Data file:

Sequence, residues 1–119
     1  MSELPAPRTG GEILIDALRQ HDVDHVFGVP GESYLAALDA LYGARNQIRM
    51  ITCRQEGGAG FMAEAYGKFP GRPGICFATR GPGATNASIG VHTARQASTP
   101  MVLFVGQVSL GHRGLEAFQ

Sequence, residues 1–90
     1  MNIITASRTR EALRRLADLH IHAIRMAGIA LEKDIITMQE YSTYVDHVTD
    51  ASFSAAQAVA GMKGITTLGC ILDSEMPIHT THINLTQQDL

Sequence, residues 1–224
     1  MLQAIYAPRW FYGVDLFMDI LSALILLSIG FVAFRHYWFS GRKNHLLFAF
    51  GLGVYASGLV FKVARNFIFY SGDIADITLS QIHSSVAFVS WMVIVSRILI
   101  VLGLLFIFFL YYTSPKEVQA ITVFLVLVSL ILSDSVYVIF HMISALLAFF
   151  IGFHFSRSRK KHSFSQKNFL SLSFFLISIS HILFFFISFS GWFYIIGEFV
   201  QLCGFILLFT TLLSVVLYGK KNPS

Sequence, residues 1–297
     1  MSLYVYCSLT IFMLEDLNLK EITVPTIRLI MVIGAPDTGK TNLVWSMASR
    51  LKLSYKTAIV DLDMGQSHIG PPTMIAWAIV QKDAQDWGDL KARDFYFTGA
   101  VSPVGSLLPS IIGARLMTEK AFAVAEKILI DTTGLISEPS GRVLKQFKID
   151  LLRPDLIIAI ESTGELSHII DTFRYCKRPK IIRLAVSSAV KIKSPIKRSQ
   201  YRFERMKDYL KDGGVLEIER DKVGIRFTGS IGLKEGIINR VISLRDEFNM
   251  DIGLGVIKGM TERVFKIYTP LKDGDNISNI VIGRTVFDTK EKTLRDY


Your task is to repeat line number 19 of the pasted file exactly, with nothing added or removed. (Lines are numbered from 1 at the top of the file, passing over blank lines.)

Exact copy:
   201  YRFERMKDYL KDGGVLEIER DKVGIRFTGS IGLKEGIINR VISLRDEFNM